Stroud Radio Stations

Radio Dial
Share

Updated on 22nd February 2024

A couple of local streaming radio stations have popped up this year. Further down the page is info on historic broadcasting radio stations once based in Stroud.

Stroud Lockdown Radio I think this has since changed its name to Stroud Love Radio. They don’t really have any info about it anywhere although I once read it originated in the Toadsmoor valley.

Anyway, Stroud from Stroud, or some other Stroud in the universe was playing some good stuff on Saturday evening, described as Electronic, Melodic and Progressive House.

Listen to Stroud Love Radio

Edge Radio

This appears to have closed down.

Proper broadcast radio stations from the past

Stroud Easy FM

Going back in time to 1983 was a station called Easy FM that broadcast from Stroud college, the old one thats since been pulled down and rebuilt. This used to broadcast during the school summer holidays on FM 87.7MHz.

Information on these older stations is hard to find as the Internet and social media didn’t exist back then so nobody documented things to the extent that they do now!

I did manage to find an old pdf from Short Wave Magazine dated June 1995 with some information on it but unfortunately it’s only the front page. I have added a link below it to an easier to read pdf.

Stroud Easy-FM

Stroud-Easy-FM Larger PDF

Stroud Museum had a radio event back in September 2019 where they had this poster on display. I’ve no idea if it’s an original from the time or a reproduction.

Easy-FM Poster

Severn Sound

Another old radio station serving this area was Severn Sound being initially broadcast from a pub in Gloucester. It was started in 1980 and changed name many times over the years as it got taken over by other stations. It’s now part of Heart and is found on 103MHz (FM) in Stroud, assuming a hill isn’t blocking the signal.

The Falcon

Launched in 1998, Falcon Radio had premises in the Brunel Mall on London Road in Stroud. Owned by UKRD Group it was renamed Star 107 in 2002.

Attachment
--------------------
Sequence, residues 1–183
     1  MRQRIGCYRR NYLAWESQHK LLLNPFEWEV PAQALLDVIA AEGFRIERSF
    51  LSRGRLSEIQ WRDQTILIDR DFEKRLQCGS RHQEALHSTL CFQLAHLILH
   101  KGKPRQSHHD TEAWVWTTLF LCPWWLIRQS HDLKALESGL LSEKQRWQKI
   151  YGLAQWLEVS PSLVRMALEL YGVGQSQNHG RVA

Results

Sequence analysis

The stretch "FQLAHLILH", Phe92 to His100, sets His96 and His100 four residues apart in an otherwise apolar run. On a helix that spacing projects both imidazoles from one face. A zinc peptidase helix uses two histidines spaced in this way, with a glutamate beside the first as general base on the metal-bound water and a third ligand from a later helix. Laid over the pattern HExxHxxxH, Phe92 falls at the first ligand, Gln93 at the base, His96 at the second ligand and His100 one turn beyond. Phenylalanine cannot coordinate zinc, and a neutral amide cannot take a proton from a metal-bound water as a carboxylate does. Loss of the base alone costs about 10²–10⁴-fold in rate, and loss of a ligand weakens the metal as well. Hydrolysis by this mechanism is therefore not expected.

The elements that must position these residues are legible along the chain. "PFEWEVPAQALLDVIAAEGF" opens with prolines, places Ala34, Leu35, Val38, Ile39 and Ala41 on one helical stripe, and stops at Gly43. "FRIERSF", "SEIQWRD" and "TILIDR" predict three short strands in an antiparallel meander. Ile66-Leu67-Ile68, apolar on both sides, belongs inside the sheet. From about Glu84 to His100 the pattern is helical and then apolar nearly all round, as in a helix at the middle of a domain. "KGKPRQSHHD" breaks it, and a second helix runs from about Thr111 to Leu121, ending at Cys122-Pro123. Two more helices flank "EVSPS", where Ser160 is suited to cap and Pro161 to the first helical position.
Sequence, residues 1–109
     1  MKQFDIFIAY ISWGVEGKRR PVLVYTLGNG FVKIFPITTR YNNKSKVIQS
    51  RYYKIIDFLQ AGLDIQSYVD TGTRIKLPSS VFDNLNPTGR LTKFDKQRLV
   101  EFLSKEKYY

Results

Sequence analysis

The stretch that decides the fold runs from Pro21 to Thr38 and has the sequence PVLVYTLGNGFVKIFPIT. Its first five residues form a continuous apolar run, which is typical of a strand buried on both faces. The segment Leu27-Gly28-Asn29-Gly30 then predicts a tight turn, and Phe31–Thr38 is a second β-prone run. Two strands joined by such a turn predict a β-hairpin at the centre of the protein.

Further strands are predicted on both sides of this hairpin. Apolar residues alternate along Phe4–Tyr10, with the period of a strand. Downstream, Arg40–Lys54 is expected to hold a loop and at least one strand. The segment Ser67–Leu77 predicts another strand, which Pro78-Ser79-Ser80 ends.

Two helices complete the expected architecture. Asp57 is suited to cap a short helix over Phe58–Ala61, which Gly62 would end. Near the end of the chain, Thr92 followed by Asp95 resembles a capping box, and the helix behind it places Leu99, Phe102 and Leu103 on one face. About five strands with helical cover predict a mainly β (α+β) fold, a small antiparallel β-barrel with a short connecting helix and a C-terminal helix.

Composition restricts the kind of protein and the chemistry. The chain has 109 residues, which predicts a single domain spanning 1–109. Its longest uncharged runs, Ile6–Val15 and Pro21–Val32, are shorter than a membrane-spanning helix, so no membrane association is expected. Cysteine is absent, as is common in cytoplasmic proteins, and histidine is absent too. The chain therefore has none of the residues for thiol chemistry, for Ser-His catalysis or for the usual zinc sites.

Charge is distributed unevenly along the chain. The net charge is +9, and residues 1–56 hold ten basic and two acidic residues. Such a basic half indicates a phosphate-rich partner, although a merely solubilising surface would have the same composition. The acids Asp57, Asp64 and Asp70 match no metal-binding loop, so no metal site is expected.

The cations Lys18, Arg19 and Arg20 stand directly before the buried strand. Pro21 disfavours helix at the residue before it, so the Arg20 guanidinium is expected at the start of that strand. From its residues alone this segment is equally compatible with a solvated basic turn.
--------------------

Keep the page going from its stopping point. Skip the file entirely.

It later became Star 107.9 then Star Radio. It closed in 2006 no doubt suffering from an identity crisis. In truth, the owners said it had never made a profit and probably never would so they closed it down.

The station format is described on Wikipedia as Adult Contemporary. I’ve been told by a former presenter that after a couple of years the owners wanted the corporate sound so the early specialist presenters were dispensed with.

Stroud FM

In March 2008 there was a Stroud community radio station called Stroud FM that broadcast on 107.9MHz which is the same frequency Star above used.

Stroud FM suffered various funding problems over the years before chucking in the towel in February 2014. Notably it used to cover the Stroud Fringe Festival.

I think it started out being broadcast from the old Stroud college (since pulled down) near the leisure centre during the summer holidays.

Corinium Radio

Heading slightly out of Stroud there is another internet based station in Cirencester called Corinium Radio.

WebSDR

Slightly off topic but if you’re into broadcast radio there are many Internet based radio receivers known as webSDR (software defined radio) you can listen to. These aren’t streaming stations.

WebSDR are modern radio receivers on the Internet located around the world receiving signals through an aerial that you can tune into pretty much any frequency you want from your web browser if the receiver supports it.

They’re interesting as they continuously and instantly scan an entire band of frequencies producing a visual display of the signals found that can be listened to. They support lots of people listening to different frequencies all at the same time.

The image below shows a WebSDR interface. The vertical stripes at the top are radio signals that can be tuned into.

Interface of a WebSDR receiver

You can listen to all sorts of strange stuff on shortwave (best at night where the receiver is located), radio hams, normal broadcast stations along with communications with the International Space Station if it’s above a receiver.

Very early radio receivers

Stroud Post Office confirms people’s memories that the earliest licences for crystal sets would be issued about 1920, and the cost was then 10/-.

Crystal sets, also known as Cats Whisker radios are very simple early radio receivers that don’t require a power source such as batteries. They have no transistors or complicated electronics to make them work properly and to amplify the sound.

They produce just about enough energy to power a very sensitive earphone or headphones with the energy being provided by the radio signal.

They’re fairly easy to make and if you do make one you might never know for sure if you’re actually hearing a radio signal in the earphone or just think you are as the sound can be very quiet!

As a note, the BBC started broadcasting radio in 1922 with a station called 2MT and later 2LO.

Unless you lived near the radio transmitter the crystal sets probably only received anything during the night due to the way radio signals bounce around the ionosphere at night thus extending their range.

Sort of related: Test Transmission from the Edge of the World

A webSDR (new tab) http://websdr.ewi.utwente.nl:8901/